# How does one generate a random $N \times N$ density matrix with quaternionic entries — with respect to Hilbert-Schmidt measure?

In the article

the formula (eq. (1)) $$\rho_{HS} =\frac{A A^{\dagger}}{\mbox{Tr} A A^{\dagger}}$$ is given, for generating a random $N \times N$ density matrix ($\rho_{HS}$) with complex off-diagonal entries with respect to Hilbert-Schmidt (HS) measure. ("The HS measure is defined by the HS metric $\mbox{d}s^2_{HS} =\frac{1}{2} \mbox{Tr}[(\mbox{d}\rho)^2]$, which is distinguished by the fact that it induces the flat, Euclidean geometry into the set of mixed states." A density matrix is a positive semidefinite, hermitian matrix of trace 1.)

Here $A$ is a square complex random matrix of size N pertaining to the Ginibre ensemble (with real and imaginary parts of each element being independent normal random variables).

Now, if one similarly wants a random $N \times N$ density matrix with real off-diagonal entries, the matrix $A$ (with each element now being an independent normal random variable) is chosen to be of dimensions $N \times (N+1)$ (bot. p. 9 of indicated article).

So, I want to find the appropriate analogous procedure to employ when the off-diagonal entries of the density matrix are quaternions.

I've been investigating this question with $N=4$, where I anticipate the associated "separability probability" will be $\frac{26}{323}$. (In the real case, this Hilbert-Schmidt probability has recently been proven by Lovas and Andai [https://arxiv.org/pdf/1610.01410.pdf] to be $\frac{29}{64}$ and, in the complex case to be $\frac{8}{33}$ in https://arxiv.org/pdf/1701.01973.pdf . For the $\frac{26}{323}$ assertion, see http://iopscience.iop.org.proxy.library.ucsb.edu:2048/article/10.1088/1751-8113/46/44/445302/pdf .)

I don't seem to be able to succeed numerically getting near this $\frac{26}{323}$ value by choosing $A$ to have similarly random quaternionic entries and be of dimension $4 \times M$, where $M$ is some integer (3, 4, 5...). To test separability, one needs to evaluate whether the partial transpose of the density matrix is positive definite. This test can be accomplished in the $4 \times 4$ case by testing the positivity of the determinant of the partial transpose. In the (non-commutative) quaternionic case, I've been using what is termed the "Moore determinant" [Bull. Amer. Math. Soc 28 (1922): 161-162] for this purpose.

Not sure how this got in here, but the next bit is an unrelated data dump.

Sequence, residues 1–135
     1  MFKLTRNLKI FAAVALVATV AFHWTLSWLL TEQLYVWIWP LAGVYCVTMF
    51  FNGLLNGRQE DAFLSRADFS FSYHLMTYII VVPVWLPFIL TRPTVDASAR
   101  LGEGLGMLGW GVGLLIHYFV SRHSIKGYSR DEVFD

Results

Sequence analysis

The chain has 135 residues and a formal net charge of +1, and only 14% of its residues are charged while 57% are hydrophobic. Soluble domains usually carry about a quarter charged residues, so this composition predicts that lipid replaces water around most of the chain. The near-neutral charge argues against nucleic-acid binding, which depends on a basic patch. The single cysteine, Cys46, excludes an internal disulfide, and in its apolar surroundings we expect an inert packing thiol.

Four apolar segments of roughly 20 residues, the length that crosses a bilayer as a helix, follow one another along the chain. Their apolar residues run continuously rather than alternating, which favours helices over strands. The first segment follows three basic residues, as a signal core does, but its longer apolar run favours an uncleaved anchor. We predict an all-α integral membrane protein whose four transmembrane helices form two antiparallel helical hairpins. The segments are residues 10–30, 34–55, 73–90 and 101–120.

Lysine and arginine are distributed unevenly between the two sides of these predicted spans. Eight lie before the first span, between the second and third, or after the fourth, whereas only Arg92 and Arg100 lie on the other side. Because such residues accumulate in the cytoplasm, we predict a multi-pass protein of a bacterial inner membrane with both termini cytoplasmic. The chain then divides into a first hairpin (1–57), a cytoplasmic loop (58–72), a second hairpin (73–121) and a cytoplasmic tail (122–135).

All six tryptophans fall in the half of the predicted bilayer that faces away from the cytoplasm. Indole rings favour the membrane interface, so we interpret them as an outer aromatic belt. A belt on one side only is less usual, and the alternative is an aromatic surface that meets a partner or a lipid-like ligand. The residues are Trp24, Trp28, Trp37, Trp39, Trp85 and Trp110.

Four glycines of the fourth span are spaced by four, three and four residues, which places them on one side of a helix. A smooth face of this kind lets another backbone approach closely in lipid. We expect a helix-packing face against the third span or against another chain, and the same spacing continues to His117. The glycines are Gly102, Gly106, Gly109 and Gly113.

Perhaps it may be necessary to convert the $4 \times 4$ matrices A with quaternionic entries to $8 \times 8$ complex form (using the well-known quaternion-to-Pauli matrices conversion rules) and proceed using the formula above. Then, possibly convert back to $4 \times 4$ quaternionic form.

In these last regards, I've posted a Mathematica question

https://mathematica.stackexchange.com/q/148841/

concerning how to efficiently go back and forth between these $4 \times 4$ and $8 \times 8$ structures.

• Could you supply a source for the claim that the positivity of the determinant of the partial transpose is a test for separability? Also, is it known that the Peres-Horodecki condition applies to quaternionic 4x4 matrices? – Joel Klassen Jun 23 '17 at 13:34
• Thanks, Joel Klassen. As to your first question, see eq. (2) in the paper "Universal observable detecting all two-qubit entanglement and determinant-based separability tests", journals.aps.org/pra/pdf/10.1103/PhysRevA.77.030301. As to your second highly relevant question, I presently plead ignorance, but will further investigate/cogitate. Perhaps I should incorporate these points into the original question. – Paul B. Slater Jun 23 '17 at 15:38
• As to the second question of Joel Klassen, see sec. 4 of the paper of Fei and Joynt arxiv.org/pdf/1409.1993.pdf , also ac.els cdn.com.proxy.library.ucsb.edu:2048/S0034487716300611/1-s2.0-S0034487716300611-main.pdf?_tid=52a523e8-58e2-11e7-8918-00000aab0f02&acdnat=1498311653_54b2d1c34e78785661eaa556271bccfd – Paul B. Slater Jun 24 '17 at 13:55
• Thanks Paul B. Slater! This all sounds quite interesting, I wish I could be of more help to you. – Joel Klassen Jun 25 '17 at 15:34
• Well, as a research project of current interest, I could suggest using the (computationally-intensive) Fei-Joynt procedure to generate random two-quaterbit density matrices, and using them to test the conjecture that the corresponding “Lovas-Andai function” $\tilde{\chi_4}(\varepsilon)$ is $\varepsilon^4 (2-\varepsilon^4)$—a function which, in the Lovas-Andai framework, yields the presumed \frac{26}{323}\$ Hilbert-Schmidt separability probability. (See the two cited preprints in the statement of the question for more details.) – Paul B. Slater Jun 26 '17 at 13:54